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Interrogate & Evaluate Resources — Confirmation Bias

Confirmation Bias

"Confirmation bias is the idea that we tend to accept information unquestionably when it reinforces some predisposition we have or some existing belief or attitude." Brendan Nyhan, American Political Scientist and Assistant Professor, Dartmouth

Source: facinghistory.org confirmation bias and other biases

Webcomic depicting someone clicking on the first link to come up that agrees with them, and not looking at opposing points of view

Keep in mind: combining an open mind with informed skepticism is tough work. Discovering lots of new ideas and opinions is cognitively taxing. Different ideas, especially ones that challenge our deeply-held beliefs (sometimes beliefs we didn't even know we had) can leave us feeling upset, frustrated, and unsettled. It feels like getting the rug yanked out from under you. If you feel this way, it's okay! It takes courage and perseverance to tackle this mental work, and you are up to the task.

It's tempting to automatically reject things that make us feel frustrated. If you stay aware of your own thoughts and feelings, you'll be better able to navigate this.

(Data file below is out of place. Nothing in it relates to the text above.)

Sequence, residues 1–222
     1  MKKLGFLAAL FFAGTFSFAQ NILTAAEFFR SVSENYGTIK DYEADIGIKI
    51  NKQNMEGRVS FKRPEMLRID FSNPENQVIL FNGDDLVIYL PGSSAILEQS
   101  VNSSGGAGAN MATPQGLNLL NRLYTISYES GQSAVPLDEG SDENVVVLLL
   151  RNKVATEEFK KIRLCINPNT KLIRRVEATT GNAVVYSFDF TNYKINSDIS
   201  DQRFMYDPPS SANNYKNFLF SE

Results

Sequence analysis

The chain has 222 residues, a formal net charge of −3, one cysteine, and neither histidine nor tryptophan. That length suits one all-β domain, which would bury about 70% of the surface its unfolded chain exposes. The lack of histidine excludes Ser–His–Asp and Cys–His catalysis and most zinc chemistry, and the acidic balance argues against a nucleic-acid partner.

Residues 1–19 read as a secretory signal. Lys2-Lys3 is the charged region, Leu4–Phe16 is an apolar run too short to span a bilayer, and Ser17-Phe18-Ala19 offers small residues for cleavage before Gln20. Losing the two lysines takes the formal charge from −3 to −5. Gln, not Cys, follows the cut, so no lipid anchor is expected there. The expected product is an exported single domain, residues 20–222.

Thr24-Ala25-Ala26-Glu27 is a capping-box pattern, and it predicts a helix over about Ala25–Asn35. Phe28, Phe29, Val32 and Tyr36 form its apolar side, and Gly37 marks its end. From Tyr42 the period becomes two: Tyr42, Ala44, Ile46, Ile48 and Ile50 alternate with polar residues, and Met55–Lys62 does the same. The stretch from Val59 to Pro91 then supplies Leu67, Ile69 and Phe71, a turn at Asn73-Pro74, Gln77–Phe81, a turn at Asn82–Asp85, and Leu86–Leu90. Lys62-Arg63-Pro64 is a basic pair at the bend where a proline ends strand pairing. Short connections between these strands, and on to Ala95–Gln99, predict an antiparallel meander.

Here are some questions for reflection. You might find it useful to write your thoughts down as you work through them.

  • Am I part of this audience or an outsider?
  • Are this writer’s basic values, beliefs, and assumptions similar to or different from my own? (How does this writer’s worldview accord with mine?)
  • How do I respond to this text? (Will I go along with or challenge what this text is presenting? How has it changed my thinking?)
  • How will I be able to use what I have learned from this text?

You don't have to go it alone, too! It can be really helpful to talk through your reactions to and questions about a source. Seek out a classmate, your roommate, a friend, your instructor, etc.

And of course, you can always ask a librarian!

Filter Bubbles

Filter Bubbles

Questions to Consider:

  • Are your news sources diverse?
  • How do you encounter viewpoints different from your own?
  • Can you listen and try to understand the other side?

Watch the Eli Pariser TED talk to learn more about the filter bubble effect. 
“Your filter bubble is your own personal, unique universe of information that you live in online. What’s in your filter bubble depends on who you are, and it depends on what you do. But you don’t decide what gets in — and more importantly, you don’t see what gets edited out,” he said.

 

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